Search Images Maps Play YouTube News Gmail Drive More »
Sign in
Screen reader users: click this link for accessible mode. Accessible mode has the same essential features but works better with your reader.


  1. Advanced Patent Search
Publication numberUS3315200 A
Publication typeGrant
Publication dateApr 18, 1967
Filing dateNov 19, 1964
Priority dateNov 20, 1963
Publication numberUS 3315200 A, US 3315200A, US-A-3315200, US3315200 A, US3315200A
InventorsWilliam Hannay Richard
Original AssigneeBritish Aircraft Corp Ltd
Export CitationBiBTeX, EndNote, RefMan
External Links: USPTO, USPTO Assignment, Espacenet
Strain gauges
US 3315200 A
Abstract  available in
Previous page
Next page
Claims  available in
Description  (OCR text may contain errors)

April 18; 1967 STRAIN GAUGES 7 Filed Nov. 19, 1964 Inventor filer/M0 WILL/19m HAW/my a a Home 1 R. w. HANNAY 3,315,200

United States Patent 3,315,200 STRAIN GAUGES Richard William Hannay, Downend, Bristol, England, assignor to British Aircraft Corporation (Operating) Limited, London, England, a British company Filed Nov. 19, 1964, Ser. No. 412,477 Claims priority, application Great Britain, Nov. 20, 1963,

5,822/ 63 1 Claim. (Cl. 338-2) Often measurements have to be taken of properties of surfaces that involve the attachment of a transducer to the surface. It is convenient, therefore, if a transducer can be provided in a transducer unit complete with means for its ready attachment to a surface and means supplying all the necessary features enabling accurate measurements to be taken. Examples of such features are electrical insulation of the element from the surface, ability of the unit to withstand high temperatures, minimum thermal resistance between the element and the surface, and minimum thermal inertia of the unit as a whole.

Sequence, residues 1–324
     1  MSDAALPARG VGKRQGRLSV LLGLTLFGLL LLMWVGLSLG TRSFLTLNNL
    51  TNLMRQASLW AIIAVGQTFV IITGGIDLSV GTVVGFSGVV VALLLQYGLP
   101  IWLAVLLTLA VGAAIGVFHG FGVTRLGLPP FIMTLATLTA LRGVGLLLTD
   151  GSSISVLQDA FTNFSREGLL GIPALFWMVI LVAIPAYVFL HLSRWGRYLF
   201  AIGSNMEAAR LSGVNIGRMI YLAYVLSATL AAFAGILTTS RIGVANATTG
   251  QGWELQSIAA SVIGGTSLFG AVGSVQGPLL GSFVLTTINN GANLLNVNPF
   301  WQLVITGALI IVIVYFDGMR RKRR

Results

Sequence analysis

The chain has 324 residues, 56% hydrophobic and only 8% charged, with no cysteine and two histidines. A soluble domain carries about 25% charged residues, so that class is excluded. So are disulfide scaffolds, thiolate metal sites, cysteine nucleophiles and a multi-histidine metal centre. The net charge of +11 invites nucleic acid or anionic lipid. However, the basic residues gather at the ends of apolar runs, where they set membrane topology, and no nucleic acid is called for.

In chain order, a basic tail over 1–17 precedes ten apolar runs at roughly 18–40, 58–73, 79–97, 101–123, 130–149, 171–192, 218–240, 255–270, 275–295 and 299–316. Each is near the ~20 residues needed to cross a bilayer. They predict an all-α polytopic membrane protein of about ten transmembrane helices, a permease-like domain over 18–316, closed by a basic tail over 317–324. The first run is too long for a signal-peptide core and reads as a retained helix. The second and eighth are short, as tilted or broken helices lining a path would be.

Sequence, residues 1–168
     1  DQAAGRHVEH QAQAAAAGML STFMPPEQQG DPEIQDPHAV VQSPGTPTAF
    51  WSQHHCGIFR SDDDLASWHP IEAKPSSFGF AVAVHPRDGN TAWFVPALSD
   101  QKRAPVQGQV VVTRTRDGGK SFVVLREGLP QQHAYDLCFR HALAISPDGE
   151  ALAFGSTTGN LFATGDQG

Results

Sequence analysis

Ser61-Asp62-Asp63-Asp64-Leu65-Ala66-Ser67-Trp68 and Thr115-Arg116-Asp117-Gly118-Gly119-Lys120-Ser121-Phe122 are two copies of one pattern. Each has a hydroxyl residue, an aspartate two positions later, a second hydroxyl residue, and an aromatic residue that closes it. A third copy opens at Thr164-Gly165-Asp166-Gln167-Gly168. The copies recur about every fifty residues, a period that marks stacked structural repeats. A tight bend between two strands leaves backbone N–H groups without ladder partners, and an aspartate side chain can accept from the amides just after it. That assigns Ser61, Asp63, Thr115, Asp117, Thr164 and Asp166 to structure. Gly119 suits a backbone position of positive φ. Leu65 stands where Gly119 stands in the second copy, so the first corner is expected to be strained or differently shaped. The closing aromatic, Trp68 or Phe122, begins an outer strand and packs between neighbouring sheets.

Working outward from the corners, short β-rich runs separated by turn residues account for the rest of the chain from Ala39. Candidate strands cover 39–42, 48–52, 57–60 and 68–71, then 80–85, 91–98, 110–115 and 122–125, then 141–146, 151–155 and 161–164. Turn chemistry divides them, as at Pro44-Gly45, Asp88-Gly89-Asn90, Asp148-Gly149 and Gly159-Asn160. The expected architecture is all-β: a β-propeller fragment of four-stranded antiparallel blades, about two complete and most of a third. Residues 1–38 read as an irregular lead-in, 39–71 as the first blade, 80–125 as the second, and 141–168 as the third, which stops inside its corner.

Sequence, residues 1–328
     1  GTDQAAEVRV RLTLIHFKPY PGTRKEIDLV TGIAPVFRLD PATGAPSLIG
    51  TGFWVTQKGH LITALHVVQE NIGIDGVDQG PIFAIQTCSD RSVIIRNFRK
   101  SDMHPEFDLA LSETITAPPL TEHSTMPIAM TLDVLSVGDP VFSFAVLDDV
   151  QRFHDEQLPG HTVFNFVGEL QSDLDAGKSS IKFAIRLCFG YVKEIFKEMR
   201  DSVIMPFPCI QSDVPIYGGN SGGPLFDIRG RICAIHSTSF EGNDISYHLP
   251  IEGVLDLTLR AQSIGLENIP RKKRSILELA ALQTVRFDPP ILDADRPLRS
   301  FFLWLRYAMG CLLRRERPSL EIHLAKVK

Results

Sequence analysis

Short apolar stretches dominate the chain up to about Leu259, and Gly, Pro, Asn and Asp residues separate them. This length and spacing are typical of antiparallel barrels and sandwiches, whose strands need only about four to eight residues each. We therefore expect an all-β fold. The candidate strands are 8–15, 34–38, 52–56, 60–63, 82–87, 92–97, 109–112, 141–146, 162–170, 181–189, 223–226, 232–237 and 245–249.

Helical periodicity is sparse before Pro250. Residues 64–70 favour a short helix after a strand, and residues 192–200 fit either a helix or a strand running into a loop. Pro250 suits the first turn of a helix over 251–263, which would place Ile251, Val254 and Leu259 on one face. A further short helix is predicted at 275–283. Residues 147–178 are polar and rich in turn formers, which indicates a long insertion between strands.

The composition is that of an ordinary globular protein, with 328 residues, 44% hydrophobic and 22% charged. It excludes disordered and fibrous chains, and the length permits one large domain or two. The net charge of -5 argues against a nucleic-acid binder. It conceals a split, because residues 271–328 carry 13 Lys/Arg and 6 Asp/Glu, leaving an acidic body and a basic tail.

According to the present invention a transducer unit comprises a transducing element of electrically conducting material mounted by means of adhesive to lie between the adjacent surfaces of two metal foils, each surface having an electrically non-conducting film.

A unit having such a construction is of particular use when strain is required to be measured. In such a case, the transducing element is of the type for measuring strain and the adhesive is capable of transmitting strain.

Preferably the element is a metal foil. By the term foil is understood the form of an object having insignificant depth in comparison with its width or length even though they are obviously finite, for example a pencil line. An element of such a form is very sensitive, can be made very small, and can, therefore, take very localised measurements.

Preferably the element is of cupronickel and is of the printed circuit type. Cupronickel alloys are particularly suitable for measuring strain in the temperature range -40 to 200 C.; cupronickel alloys having particular compositions are easily and accurately produced, so that a particular composition necessary for reasons explained later is readily produced.